Tyler vs. Taylor, 2.0

BOSTON -- Tyler Seguin approached his stall in the Boston Bruins' locker room after practice Wednesday and turned around to face the reporters camped out waiting for him.

"Just one thing: no questions about Taylor," Seguin said with a smile.

But he knew -- as did anyone who saw that Seguin, whom the Bruins picked second overall in the 2010 NHL draft, would play against the No. 1 pick, Edmonton Oilers forward Taylor Hall, for a second time Thursday -- that an inevitable trip down memory lane awaited. As that draft approached, Seguin and Hall flew through a whirlwind of hype together, wondering along with the rest of the world which player would be the top pick. For months leading into the draft, Seguin and Hall traveled in tandem for promotional and media events, entertaining questions about themselves and each other and where they would like to end up -- Edmonton or Boston?

So as the rest of the reporters gathered around Seguin on Wednesday-- as they would around Hall, after the Oilers practiced at TD Garden -- the déjà vu began. Both players were bombarded with the "What if he went there and you went here" scenarios and the questions of how each feels he stacks up when compared to the other.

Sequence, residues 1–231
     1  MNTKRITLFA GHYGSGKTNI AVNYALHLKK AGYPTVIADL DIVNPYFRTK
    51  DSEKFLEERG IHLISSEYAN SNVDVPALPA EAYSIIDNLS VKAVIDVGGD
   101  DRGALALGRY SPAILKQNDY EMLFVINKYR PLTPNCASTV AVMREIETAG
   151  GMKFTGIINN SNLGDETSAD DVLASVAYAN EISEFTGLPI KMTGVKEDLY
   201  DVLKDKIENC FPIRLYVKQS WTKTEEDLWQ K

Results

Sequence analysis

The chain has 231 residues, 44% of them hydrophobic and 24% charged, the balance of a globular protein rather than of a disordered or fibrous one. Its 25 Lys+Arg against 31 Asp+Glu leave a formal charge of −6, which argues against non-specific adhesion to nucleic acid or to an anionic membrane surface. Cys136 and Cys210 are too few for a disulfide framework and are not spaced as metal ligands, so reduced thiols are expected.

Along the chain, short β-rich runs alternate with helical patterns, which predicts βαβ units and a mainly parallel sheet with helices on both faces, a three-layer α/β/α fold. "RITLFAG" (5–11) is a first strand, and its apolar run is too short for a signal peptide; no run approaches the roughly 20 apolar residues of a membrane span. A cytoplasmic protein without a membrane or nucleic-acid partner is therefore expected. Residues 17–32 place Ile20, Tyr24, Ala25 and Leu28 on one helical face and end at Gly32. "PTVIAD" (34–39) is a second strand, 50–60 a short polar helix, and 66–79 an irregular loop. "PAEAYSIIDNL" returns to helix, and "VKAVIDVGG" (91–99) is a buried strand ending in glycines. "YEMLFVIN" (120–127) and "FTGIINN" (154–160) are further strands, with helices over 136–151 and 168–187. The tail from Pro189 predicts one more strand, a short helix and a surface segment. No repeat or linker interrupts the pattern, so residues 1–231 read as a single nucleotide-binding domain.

"It feels like five years ago," Seguin said of June 25, 2010, the day of the draft, when their paths finally split in different directions. "It feels like a long time ago. I think so far both of us have been playing well. I still keep up with the other guys my age, I'm not going to lie, and he seems to be doing well.

"But it was crazy, and it does feel like such a long time ago. There's a lot of memories from the 'Taylor-Tyler' mania. Four or five months especially of me and him, and it feels like a long time ago but it's something you don't forget."

Hall acknowledged that 2010 draft questions likely will always follow them.

"It's just something that's going to be talked about for, I don't know, however many years you guys decide to talk about it," Hall said. "I'll have fun with it. It was an interesting experience to go through that with him. I'm fine with us being linked."

Hall did admit it wasn't that easy this past June when, following an injury-shortened regular season in which he finished with 20 more points (42) than Seguin (22) and looked like the true No. 1 pick, he had to watch Seguin hoist a Stanley Cup at the end of his rookie season with the Bruins. In the days following that, Hall was asked numerous times whether he wondered what could have been.

"I was kind of forced into thinking about that when they won the Cup last year," Hall said. "People ask me about that a lot, and I wouldn't change anything. I love where I am right now. I love the way our team is playing this year. I think we all kind of had the feeling that last year was going to have some growing pains in it and Boston was going to be a contender, so I don't think anyone was really shocked that they won the Cup in the end."

Meanwhile, Seguin said he hasn't considered whether life would have been better as an Oiler.

"I haven't really taken too much thought about what it would have been like if I was in Edmonton or he was in Boston," Seguin said. "I think what happened was meant to be. He definitely had a great year last year, and obviously being fortunate enough to win a Cup, I had a good year as well. We're just two guys in two different career paths."